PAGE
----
In news that is sure to make the people at Mars Inc. absolutely giddy, a study published this week in the Archives of Internal Medicine suggests that chocolate consumption could help people control their weight. According to the study's authors, "Adults who consumed chocolate more frequently had a lower BMI than those who consumed chocolate less often."
Chocolate is definitely tasty, especially when slathered over mini donuts; that's reason enough to consume it in moderation. But if you need a science-y reason to eat a Hershey bar, you're still out of luck. We have very little evidence to suggest that chocolate will help you lose weight -- at least for now.
The study involved 1,018 men and women between the ages of 20 to 85, who were free of cardiovascular disease, diabetes, or extreme LDL (low-density lipoprotein cholesterol) levels. Researchers gathered data on chocolate consumption through food frequency questionnaires which asked participants "How many times a week do you consume chocolate?" Calorie intake and exercise didn't explain the lower BMI of people who more frequently consumed chocolate, according to the study.
Results like this aren't implausible, as previous studies have suggested that chocolate may confer some health benefits on those who indulge, like higher insulin sensitivity and lower blood pressure. But science usually isn't that simple. Critics have blasted food scientists for previously claiming that chocolate is a doer of health miracles, because improvements in metabolic health and weight loss are typically due to major dietary changes, not any particular food people may or may not eat.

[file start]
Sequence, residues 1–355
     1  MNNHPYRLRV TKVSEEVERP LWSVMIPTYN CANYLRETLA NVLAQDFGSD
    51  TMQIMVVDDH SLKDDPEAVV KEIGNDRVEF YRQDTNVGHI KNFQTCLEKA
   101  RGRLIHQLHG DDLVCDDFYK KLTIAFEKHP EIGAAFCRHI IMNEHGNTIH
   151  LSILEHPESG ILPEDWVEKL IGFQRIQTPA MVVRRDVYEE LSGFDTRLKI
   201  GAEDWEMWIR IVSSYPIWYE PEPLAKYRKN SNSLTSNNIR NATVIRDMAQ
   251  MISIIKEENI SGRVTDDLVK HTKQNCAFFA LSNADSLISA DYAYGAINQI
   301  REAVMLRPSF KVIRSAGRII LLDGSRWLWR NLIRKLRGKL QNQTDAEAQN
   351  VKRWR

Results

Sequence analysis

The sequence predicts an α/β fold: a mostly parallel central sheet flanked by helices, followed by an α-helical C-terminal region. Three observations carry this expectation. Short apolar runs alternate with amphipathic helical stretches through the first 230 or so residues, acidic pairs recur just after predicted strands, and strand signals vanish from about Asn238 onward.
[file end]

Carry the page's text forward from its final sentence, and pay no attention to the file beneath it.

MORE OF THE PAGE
And since the available research on the subject is rather limited, researchers have urged caution before linking chocolate consumption to any particular health benefit. It's more likely that healthier people just happen to eat more chocolate, not that people who eat chocolate are healthier than the rest of us.
Additionally, like most health research that makes headlines, this study was observational in nature. So even if its conclusion is correct, the results have to be replicated in a clinical setting. As the authors rightly point out, "A randomized trial of chocolate for metabolic benefits in humans may be merited."
But there's another reason the results raise a red flag. The data for the study came from food surveys, which many researchers have also argued are not awfully reliable as a means of determining what and how much people eat. Could you accurately track how much of any given food you eat each week? And how do you know? Those aren't rhetorical questions, either. Now, consider that studies like the one discussed here usually involve hundreds or thousands of people. It's hard to know in these instances if the numbers are reliable.
And perhaps most importantly, the researchers didn't control for carbohydrate consumption, which even more researchers and science writers have argued deserves a lot of the blame for the epidemic of obesity and related diseases in this country. A diet high in carbohydrates increases blood sugar, which in turn encourages fat storage. That could definitely confound the results of this study.
Chocolate is a delicious treat that should be eaten for no other reason than the fact it is a delicious treat. But like other treats, such as alcohol, consume chocolate sparingly, eat well, exercise, and you'll probably be in good shape.